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Spurs assistant coach Becky Hammon was a candidate to coach the men’s team at Colorado State, her alma mater. That would have made her the first woman to coach a Division I men’s team.

Alas, it won’t happen.

Pat Forde of Yahoo Sports:

It’s unclear whether Hammon was ever actually offered the job.

She’s still on the right track for a head-coaching job somewhere. Most importantly, by all accounts, she’s doing good work in San Antonio. There’s also more attention on her career because of her pioneering status, and that will appeal to some teams.

This dalliance with Colorado State raises her profile even further and shows just how close she is.

Rockets coach Mike D’Antoni: James Harden ‘best offensive player I’ve ever seen’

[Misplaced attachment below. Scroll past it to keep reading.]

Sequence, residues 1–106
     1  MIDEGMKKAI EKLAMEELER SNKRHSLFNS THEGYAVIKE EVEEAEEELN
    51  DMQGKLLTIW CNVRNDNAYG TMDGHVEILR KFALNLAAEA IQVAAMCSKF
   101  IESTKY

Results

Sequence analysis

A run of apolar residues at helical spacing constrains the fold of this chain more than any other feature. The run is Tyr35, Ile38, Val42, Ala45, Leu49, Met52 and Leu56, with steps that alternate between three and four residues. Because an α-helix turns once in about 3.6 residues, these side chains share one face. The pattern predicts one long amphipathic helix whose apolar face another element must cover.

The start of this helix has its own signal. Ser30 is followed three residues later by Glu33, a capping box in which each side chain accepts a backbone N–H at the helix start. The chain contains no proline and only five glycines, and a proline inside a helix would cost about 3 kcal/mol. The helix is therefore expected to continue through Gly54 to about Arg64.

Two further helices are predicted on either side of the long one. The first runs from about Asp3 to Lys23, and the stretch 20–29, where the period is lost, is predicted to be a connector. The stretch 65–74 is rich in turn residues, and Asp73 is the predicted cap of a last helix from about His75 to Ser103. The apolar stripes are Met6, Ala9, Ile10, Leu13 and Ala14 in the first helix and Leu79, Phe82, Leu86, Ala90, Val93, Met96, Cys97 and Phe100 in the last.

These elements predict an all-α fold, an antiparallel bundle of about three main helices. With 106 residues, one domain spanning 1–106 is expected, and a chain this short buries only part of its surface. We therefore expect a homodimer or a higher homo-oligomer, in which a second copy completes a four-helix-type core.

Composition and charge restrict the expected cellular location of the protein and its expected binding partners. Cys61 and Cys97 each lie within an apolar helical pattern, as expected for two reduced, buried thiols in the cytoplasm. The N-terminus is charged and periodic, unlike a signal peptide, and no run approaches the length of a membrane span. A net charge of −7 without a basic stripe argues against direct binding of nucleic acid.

AP Photo/Jack Dempsey

James Harden torched a solid Trail Blazers defense for 42 points on 13-of-25 shooting, including 5-of-7 on 3-pointers, and seven assists.

That prompted his coach to heap praise on the runaway MVP.

Rockets coach Mike D’Antoni, via Tim MacMahon of ESPN:

“That’s the best offensive player I’ve ever seen,” Rockets coach Mike D’Antoni said of Harden. “They’re running guys to him and he just steps a little further back and makes a 3. The way he can pass and see the floor, get layups, floaters, maybe a lob, maybe out to the corner — he has so many weapons, and now he’s shooting those step-back 3s.

“It’s impossible to guard him. It’s impossible.”

At first, that sounds like hyperbole from a biased source. But Harden might actually the best offensive player ever. (D’Antoni has been around for all the major contenders.)

Michael Jordan gets overlooked because he was also excellent defensively. Ditto LeBron James to a lesser extent. Another contender: Stephen Curry, whose Warriors might file away D’Antoni’s assessment for if they meet Houston in the playoffs. (The Rockets provide plenty of motivational fodder.)

The list of contenders definitely skews toward the present. Players have gotten progressively more skilled, especially the generation that grew up with the 3-point arc and didn’t suddenly have to adjust to it.